There has been some comment (e.g. Moon Beever’s article at http://goo.gl/Etay9A) that overtime other than compulsory overtime is also likely to be comprised in “normal remuneration”. Whilst this was not dealt with by the Appeal Tribunal, the judge did highlight the principle that “‘normal pay’ is that which is normally received” (paragraph 44) and thus I can see why that conclusion might be drawn.
A liquidator’s power to get in post-appointment assets
The Connaught Income Fund, Series 1 v Capita Financial Managers Limited (5 November 2014) ( EWHC 3619 (Comm))http://www.bailii.org/ew/cases/EWHC/Comm/2014/3619.html
The key points – and quotes – that I’d extracted from the judgment were the same as those highlighted by Pinsent Masons (http://goo.gl/QU8o9i).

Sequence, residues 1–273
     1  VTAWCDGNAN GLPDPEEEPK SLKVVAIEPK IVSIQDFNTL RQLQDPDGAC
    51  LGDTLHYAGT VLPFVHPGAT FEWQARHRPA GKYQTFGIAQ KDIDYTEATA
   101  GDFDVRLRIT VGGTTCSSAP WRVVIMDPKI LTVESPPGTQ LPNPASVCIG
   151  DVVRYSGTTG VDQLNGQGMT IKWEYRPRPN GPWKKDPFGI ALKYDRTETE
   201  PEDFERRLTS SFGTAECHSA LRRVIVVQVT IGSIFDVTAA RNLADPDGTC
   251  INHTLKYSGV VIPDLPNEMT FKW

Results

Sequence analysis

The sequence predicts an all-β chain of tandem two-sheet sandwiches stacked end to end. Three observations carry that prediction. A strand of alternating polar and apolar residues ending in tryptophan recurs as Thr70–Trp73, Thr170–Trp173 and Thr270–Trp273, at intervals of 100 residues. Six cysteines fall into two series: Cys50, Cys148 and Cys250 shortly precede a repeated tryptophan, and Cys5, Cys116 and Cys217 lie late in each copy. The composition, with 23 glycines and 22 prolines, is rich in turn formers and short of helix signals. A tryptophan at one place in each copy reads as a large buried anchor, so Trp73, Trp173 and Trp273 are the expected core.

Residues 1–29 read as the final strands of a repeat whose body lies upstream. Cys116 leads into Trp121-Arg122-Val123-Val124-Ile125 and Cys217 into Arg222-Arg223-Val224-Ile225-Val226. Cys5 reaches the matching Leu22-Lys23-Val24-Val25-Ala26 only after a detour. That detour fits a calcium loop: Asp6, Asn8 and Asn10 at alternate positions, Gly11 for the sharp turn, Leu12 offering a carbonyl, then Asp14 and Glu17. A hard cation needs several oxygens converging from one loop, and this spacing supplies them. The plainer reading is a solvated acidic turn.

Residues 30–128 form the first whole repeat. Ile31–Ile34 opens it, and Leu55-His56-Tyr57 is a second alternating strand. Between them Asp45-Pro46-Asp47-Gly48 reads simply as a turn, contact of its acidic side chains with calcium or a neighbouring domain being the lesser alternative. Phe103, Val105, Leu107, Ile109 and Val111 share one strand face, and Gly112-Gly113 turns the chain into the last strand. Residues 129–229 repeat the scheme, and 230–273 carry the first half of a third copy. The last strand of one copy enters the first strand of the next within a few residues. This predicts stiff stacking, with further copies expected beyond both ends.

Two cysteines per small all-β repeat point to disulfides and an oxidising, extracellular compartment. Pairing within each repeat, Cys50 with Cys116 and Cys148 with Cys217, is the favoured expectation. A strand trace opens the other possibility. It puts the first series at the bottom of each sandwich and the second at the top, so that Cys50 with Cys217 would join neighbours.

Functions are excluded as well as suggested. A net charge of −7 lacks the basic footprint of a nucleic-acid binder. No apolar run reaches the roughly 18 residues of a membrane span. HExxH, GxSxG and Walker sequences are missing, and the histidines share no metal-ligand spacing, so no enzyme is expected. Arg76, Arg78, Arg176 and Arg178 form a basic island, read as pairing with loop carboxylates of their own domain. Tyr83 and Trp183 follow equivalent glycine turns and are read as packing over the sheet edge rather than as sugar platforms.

The liquidators of the Fund (which was an unregulated collective investment scheme set up as a limited partnership) took an assignment of the investors’ claims, but these were resisted under a number of arguments including a challenge that the liquidators acted outside their statutory powers in taking the assignments.
The judge decided that the assignments were allowed under the liquidators’ Schedule 4 power “to do all such things as may be necessary for winding up the company’s affairs and distributing its assets”, including those that had not been assets of the partnership when it traded.
Receivers’ appointment sound notwithstanding that their appointor’s charge could be invalid